The internet’s obsession with Nicolas Cage is long and storied. The original video of him “losing his shit” in movies garnered millions of views before being taken down from YouTube due to copyright claims and has since been re-uploaded several times over. One True God, a reddit forum dedicated to photoshopping the Oscar-winner into all manner of ridiculous pictures, has nearly 72,000 subscribers and is updated with user-submitted content several times a day. Cage himself is aware of all this to a degree, referring to it as “affection loaded with irony.”

Which is a bit of shame, really, as Cage’s talents are, if not one of a kind, then certainly once in a generation. I was thus a bit skeptical when I heard about this weekend’s Nicolas Cage Party, an art show expanding on a similar event held in San Francisco earlier this year. As an ardent Cage defender, I felt compelled to ask curator Ezra Croft whether it was coming from a sincere place.

See also: Nicolas Cage Explains His Acting Style, and His Legacy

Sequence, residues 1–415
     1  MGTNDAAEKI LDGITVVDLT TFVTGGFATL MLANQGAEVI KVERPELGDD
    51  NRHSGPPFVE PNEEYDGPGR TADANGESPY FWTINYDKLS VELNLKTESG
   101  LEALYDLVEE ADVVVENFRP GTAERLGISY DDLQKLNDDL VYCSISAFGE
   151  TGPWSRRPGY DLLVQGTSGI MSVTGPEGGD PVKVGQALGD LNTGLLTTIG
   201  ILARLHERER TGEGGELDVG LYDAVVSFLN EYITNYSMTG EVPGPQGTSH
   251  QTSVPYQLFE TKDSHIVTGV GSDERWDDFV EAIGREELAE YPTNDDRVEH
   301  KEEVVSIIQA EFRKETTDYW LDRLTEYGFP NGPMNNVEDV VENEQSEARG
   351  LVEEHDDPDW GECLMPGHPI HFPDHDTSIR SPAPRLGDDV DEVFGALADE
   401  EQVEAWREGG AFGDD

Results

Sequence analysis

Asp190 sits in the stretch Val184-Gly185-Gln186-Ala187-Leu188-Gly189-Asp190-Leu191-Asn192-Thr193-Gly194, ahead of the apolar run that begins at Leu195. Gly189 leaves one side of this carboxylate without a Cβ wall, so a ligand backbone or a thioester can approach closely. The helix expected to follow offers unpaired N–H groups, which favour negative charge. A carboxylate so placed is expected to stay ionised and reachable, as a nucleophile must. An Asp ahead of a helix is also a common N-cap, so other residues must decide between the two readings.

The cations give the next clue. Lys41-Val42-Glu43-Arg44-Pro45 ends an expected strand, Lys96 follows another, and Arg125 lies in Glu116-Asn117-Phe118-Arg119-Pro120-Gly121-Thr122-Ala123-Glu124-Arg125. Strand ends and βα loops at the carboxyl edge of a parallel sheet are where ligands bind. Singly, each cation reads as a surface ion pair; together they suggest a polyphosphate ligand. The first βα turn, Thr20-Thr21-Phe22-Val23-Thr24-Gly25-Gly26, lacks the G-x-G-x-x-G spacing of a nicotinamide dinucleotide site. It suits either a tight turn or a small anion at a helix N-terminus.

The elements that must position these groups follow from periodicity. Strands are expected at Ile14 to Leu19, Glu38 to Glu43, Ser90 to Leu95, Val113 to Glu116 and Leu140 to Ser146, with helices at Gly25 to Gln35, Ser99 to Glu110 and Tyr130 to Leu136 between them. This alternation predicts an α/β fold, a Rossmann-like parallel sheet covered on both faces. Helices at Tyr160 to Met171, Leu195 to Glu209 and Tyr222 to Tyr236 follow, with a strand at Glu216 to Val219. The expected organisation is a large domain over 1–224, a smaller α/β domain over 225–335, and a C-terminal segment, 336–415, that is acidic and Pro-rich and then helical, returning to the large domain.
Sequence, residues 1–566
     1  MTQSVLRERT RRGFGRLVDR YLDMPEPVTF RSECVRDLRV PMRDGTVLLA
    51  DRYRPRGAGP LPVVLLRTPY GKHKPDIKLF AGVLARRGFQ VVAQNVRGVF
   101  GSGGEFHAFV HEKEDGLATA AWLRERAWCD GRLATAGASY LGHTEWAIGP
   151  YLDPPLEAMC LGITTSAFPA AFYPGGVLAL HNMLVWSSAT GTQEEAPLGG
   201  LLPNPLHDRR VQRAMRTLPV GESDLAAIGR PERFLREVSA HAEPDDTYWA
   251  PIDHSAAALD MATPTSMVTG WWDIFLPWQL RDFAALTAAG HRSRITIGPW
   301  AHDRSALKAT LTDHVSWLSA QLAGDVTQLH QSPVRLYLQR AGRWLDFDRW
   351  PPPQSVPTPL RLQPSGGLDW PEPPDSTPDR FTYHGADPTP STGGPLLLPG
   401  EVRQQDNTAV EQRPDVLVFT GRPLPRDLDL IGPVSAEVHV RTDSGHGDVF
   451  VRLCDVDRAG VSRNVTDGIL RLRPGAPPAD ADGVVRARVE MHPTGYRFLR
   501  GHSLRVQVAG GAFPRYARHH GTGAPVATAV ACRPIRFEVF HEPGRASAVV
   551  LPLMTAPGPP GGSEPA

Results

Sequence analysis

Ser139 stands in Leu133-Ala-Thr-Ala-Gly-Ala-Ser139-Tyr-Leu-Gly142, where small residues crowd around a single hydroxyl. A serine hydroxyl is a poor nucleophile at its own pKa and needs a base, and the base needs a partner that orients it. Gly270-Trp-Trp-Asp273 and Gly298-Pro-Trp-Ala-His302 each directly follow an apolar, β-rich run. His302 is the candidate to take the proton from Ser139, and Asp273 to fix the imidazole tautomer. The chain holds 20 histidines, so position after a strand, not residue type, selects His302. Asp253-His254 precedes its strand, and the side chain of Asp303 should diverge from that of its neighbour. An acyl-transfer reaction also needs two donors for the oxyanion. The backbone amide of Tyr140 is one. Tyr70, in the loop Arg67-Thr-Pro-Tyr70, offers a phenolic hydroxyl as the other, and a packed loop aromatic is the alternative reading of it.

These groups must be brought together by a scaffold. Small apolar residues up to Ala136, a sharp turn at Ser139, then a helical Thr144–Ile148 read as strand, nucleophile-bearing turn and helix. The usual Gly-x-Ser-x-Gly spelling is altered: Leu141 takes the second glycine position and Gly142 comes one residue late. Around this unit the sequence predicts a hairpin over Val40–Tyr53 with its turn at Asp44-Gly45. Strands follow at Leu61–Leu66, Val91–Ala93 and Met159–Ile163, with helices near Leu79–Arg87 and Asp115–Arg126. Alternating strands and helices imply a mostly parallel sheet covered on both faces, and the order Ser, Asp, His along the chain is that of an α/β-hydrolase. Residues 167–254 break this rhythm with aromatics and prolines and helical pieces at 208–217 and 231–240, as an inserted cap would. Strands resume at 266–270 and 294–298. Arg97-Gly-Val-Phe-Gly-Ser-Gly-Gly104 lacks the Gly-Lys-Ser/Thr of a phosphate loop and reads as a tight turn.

Croft was unequivocal in his response. “I present this show without irony,” he told me over email last month. “We embrace the levity of his place on the internet. As an icon. As an obscure and fascinating figure in our culture…He provides a uniquely awesome subject matter and we are going to take the creativity of Los Angeles and collide it with this show.”]

Credit: Steven Holliday

Credit: Steven Holliday

Though it's true that the actor's behavior (both onscreen and off) has at times been eccentric, a surprising amount of the work Croft is including in the show reflects Cage's more low-key and contemplative side. It's not quite Sad Keanu, but might the irony be lessening as people who once only knew National Treasure-era Cage go back to watch films like Leaving Las Vegas and Raising Arizona?

“The momentum in the Cage show actually roots from his diverse catalog,” said Croft, who was initially skeptical of his subject. “I’ve found a special place in my heart for Nic. Before, I was never such a super fan, but after going so deep into the mythos of Cage, I have found the art we've collected and curated has been pretty inspirational and brought back the excitement and curiosity he brings to moviegoers.”

The show, which takes place this Saturday and Sunday at the Syrup Loft, has several hundred confirmed guests. As to whether Cage himself might show up, Croft was unsure but hopeful: “We hope he shows up and we hope he has a good time with us, but we'll see on that.”

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